Unfortunately, as everyone’s lives are busy and often chaotic, even if your patient had full intent on going home and leaving a review, something likely came up on the drive home and derailed their train of thought and have now forgotten about leaving you a review. This is why having a follow up process for those who have not yet taken action to leave a review is essential for collecting a steady stream of positive reviews.
We have found that the majority of those who leave reviews do so on the 2nd or 3rd ask.
That being said, you don’t want to overwhelm you patients with requests for reviews so space out your asks accordingly. What we have found works best is to follow up on your first request after a 3 day period and then follow up once more 4 more days after your second review.
If at that point they have still not left you a review, it likely means they don’t have any intention on doing so and in that case, we would stop asking them until they came back to for another appointment.
Monitoring recent reviews will allow you to keep track of your progress, and act quickly if you receive negative feedback. You will also be able to get a good understanding of the general thoughts and reactions of your patients with recent reviews.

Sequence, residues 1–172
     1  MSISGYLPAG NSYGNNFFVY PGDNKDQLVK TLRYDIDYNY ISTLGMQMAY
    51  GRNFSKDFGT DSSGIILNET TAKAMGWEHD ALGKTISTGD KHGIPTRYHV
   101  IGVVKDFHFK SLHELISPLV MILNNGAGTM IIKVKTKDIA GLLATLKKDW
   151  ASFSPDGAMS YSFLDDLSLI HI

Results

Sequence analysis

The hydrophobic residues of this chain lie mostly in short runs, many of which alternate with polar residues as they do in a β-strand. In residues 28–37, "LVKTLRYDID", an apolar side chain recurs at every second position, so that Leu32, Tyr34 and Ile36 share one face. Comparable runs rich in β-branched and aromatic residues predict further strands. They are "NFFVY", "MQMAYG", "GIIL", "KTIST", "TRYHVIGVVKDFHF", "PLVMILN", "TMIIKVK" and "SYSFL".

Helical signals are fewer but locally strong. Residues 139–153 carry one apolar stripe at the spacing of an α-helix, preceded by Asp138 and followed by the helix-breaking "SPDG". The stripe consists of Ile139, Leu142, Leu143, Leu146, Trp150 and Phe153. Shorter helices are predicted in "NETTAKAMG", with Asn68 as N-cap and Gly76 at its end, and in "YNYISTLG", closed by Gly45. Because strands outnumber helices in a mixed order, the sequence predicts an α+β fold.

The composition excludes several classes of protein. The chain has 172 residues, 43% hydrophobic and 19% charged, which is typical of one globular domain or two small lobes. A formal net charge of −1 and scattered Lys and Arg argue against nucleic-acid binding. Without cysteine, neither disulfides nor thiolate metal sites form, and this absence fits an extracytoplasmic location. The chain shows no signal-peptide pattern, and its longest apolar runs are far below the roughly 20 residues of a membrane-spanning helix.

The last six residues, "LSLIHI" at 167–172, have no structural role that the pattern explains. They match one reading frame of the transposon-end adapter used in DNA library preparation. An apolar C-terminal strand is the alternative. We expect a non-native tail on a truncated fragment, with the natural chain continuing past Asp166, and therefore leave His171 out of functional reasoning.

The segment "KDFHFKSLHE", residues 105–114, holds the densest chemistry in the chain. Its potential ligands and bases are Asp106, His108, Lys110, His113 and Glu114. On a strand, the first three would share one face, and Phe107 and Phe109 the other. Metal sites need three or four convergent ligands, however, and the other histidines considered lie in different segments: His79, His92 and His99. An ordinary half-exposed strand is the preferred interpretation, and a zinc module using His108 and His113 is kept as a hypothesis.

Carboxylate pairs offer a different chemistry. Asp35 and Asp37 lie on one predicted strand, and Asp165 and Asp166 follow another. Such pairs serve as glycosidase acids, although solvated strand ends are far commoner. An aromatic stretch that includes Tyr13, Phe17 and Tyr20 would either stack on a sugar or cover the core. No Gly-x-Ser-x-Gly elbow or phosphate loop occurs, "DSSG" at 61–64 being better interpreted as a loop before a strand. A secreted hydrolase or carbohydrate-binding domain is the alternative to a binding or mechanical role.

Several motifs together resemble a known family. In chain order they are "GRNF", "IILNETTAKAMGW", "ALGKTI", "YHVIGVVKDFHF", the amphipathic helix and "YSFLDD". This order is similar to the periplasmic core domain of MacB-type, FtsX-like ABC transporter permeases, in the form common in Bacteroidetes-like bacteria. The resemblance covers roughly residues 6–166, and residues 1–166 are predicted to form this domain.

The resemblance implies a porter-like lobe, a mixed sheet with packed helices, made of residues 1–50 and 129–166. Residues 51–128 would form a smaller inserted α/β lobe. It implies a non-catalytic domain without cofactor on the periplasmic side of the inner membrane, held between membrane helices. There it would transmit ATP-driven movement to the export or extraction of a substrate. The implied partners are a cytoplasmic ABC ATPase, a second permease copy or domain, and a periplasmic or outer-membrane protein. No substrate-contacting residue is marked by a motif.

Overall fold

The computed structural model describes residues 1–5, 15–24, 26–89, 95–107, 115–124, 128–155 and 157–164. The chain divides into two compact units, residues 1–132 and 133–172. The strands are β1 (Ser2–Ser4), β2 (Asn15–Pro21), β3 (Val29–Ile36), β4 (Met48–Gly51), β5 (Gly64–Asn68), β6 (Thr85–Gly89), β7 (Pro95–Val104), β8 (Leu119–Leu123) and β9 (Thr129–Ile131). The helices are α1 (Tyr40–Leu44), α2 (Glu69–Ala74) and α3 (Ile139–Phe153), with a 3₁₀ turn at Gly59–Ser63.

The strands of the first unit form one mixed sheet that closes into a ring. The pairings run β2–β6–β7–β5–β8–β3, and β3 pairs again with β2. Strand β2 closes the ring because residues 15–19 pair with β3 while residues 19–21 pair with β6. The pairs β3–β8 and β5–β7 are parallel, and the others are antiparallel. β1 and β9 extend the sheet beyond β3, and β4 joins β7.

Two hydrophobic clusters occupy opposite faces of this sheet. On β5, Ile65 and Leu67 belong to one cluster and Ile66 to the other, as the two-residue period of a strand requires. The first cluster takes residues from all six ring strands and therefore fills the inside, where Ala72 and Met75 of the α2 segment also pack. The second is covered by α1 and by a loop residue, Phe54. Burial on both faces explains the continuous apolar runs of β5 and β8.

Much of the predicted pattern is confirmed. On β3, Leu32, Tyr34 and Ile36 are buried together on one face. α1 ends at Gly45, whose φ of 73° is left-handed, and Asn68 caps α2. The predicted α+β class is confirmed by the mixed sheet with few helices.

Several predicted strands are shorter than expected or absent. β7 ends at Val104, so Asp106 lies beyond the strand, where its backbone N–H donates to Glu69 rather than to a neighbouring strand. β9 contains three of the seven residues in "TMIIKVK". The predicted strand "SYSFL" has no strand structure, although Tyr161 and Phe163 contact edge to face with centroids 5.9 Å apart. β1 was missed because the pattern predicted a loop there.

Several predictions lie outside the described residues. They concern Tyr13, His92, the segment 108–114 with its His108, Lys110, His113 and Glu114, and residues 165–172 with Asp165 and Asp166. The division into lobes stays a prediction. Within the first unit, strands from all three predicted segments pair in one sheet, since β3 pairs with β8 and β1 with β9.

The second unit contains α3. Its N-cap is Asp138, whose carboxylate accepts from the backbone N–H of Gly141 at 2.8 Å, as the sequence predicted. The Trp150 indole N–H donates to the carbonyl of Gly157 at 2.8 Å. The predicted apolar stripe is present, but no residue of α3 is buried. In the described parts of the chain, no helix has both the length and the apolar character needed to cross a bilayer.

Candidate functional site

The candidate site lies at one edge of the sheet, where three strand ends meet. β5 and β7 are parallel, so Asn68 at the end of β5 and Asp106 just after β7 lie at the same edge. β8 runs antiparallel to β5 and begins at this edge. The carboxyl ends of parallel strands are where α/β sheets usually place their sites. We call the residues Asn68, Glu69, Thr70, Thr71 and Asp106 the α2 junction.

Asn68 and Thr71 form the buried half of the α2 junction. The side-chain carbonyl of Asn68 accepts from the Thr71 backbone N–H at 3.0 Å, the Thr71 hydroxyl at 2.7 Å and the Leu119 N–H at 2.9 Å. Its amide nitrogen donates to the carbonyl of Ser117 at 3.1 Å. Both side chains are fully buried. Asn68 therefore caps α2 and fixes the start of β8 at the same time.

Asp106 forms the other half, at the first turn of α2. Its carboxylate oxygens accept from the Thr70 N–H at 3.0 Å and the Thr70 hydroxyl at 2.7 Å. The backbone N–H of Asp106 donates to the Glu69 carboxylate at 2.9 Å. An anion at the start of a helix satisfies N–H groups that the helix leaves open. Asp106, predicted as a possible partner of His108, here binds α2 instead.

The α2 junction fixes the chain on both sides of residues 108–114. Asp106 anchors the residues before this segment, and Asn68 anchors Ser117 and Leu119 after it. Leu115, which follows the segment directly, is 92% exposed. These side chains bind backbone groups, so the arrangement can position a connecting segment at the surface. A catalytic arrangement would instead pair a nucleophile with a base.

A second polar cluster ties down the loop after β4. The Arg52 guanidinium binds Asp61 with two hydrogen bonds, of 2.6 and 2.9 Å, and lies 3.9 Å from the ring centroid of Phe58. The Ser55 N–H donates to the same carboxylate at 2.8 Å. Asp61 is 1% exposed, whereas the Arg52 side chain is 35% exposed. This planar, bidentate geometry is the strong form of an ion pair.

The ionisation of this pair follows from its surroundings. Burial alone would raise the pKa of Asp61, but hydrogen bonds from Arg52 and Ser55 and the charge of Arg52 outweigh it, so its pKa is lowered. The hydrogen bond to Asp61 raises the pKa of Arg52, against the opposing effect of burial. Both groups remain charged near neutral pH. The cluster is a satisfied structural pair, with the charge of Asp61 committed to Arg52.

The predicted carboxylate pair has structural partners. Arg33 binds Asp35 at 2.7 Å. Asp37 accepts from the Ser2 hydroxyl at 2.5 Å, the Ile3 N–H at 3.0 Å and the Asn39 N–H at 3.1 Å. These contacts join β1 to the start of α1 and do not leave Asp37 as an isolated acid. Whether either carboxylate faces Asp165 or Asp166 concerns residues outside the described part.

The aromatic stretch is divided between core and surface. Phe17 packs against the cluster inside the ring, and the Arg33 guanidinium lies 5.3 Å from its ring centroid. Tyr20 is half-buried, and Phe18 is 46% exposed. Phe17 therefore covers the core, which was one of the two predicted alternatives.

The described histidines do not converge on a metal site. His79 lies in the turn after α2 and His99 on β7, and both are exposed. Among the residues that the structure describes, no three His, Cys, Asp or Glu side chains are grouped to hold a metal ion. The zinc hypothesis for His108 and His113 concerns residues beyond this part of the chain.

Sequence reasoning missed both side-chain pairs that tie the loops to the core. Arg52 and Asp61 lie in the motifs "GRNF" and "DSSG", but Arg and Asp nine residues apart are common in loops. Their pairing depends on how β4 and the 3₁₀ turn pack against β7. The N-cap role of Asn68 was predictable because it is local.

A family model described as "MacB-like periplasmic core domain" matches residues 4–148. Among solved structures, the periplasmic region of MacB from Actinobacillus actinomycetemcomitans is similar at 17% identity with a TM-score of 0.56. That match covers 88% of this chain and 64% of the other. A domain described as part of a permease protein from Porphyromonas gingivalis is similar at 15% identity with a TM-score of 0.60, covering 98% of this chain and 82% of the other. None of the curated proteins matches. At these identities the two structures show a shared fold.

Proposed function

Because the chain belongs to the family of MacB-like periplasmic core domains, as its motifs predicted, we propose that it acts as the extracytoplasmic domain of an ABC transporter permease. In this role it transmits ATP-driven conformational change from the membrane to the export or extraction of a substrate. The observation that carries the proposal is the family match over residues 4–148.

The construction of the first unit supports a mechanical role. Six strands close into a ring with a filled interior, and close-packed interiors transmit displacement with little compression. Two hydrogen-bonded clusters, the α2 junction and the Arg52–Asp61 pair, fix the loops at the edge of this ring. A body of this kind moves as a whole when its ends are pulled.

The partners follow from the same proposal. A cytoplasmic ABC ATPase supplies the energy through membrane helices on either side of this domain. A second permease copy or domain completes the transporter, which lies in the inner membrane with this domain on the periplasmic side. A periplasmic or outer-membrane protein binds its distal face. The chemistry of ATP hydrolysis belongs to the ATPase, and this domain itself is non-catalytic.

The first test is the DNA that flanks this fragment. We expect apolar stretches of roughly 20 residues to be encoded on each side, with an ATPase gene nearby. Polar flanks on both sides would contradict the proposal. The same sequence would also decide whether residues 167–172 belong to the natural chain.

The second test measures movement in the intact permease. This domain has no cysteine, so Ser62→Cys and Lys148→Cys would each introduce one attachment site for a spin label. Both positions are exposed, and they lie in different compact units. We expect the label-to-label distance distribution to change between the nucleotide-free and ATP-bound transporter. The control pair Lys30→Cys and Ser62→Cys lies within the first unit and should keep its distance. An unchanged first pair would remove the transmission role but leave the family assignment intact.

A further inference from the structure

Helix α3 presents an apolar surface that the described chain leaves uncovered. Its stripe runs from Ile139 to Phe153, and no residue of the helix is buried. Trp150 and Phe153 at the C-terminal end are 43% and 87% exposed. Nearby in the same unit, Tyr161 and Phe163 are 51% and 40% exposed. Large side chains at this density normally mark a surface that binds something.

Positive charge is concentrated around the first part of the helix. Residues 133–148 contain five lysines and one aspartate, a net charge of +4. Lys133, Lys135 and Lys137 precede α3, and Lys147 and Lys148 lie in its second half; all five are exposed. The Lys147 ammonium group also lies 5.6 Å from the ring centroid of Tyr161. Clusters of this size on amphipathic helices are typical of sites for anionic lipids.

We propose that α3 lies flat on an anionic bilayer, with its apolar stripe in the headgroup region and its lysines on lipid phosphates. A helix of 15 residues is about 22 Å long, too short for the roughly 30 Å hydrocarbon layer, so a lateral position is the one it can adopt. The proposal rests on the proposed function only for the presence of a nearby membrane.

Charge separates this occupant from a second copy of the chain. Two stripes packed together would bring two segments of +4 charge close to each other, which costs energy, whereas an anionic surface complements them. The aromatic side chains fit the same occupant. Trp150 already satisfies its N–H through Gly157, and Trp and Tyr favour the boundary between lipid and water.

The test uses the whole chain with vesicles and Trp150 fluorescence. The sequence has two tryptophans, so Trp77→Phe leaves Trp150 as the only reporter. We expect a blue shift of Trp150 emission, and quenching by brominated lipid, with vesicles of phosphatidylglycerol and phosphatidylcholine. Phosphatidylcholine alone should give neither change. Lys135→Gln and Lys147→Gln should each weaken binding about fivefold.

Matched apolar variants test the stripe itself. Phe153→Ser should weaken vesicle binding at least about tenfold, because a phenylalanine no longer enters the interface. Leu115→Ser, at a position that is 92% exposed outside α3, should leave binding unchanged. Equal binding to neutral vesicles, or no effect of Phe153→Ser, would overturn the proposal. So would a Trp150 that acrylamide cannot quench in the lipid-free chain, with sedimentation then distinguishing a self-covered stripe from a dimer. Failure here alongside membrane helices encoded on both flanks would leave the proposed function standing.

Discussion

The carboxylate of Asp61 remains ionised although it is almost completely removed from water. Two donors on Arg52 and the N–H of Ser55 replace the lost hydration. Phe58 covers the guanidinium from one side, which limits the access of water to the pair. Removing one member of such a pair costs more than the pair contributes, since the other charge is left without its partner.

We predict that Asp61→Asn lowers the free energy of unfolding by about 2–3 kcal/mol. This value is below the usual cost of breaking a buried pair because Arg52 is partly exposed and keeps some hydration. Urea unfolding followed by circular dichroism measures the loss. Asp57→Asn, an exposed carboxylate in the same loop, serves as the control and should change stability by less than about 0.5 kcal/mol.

For example, if you notice that a handful of reviews recently commented on the wait time being a little longer than they would have liked, you can figure out what is causing these delays and aim to put and end to them.
40% of consumers
will only look at reviews written in the past 2 weeks, and if they notice that negative comments aren’t being addressed, your dental practice will seem unprofessional. This leads well into my next recommendation.
Whether it’s positive or negative, if you want to leave the right impression,
you have to respond to all of your reviews.
This allows you to promote your dental practice, as each of your patients will feel valued and respected. Anyone who sees the reviews and your responses will be more likely to visit your practice since you’ll appear more trustworthy.